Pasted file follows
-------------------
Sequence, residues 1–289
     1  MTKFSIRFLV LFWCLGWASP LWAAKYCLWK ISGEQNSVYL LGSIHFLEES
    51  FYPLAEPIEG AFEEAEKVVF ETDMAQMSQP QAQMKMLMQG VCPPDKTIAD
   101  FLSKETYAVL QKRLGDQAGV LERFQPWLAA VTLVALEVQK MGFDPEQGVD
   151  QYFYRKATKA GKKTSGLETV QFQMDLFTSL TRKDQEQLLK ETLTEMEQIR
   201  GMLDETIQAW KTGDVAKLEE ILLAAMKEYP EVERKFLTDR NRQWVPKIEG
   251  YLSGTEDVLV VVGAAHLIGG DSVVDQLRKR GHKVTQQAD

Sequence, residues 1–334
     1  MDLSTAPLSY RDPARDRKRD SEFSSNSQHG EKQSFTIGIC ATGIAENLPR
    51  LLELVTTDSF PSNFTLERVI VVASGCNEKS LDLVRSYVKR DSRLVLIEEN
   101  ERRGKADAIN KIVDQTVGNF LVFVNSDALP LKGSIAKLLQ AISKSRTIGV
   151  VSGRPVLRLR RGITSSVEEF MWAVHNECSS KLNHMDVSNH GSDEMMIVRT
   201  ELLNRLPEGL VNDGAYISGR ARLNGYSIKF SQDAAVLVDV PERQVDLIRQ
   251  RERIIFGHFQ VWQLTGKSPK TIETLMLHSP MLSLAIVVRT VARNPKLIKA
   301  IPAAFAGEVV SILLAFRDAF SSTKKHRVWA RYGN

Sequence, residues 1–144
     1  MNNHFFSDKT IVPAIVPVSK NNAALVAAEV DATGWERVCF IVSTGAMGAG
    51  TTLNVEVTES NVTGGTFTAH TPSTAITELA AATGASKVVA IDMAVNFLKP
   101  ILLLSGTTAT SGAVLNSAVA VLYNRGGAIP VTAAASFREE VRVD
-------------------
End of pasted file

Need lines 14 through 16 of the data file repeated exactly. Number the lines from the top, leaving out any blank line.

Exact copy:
   251  RERIIFGHFQ VWQLTGKSPK TIETLMLHSP MLSLAIVVRT VARNPKLIKA
   301  IPAAFAGEVV SILLAFRDAF SSTKKHRVWA RYGN

Sequence, residues 1–144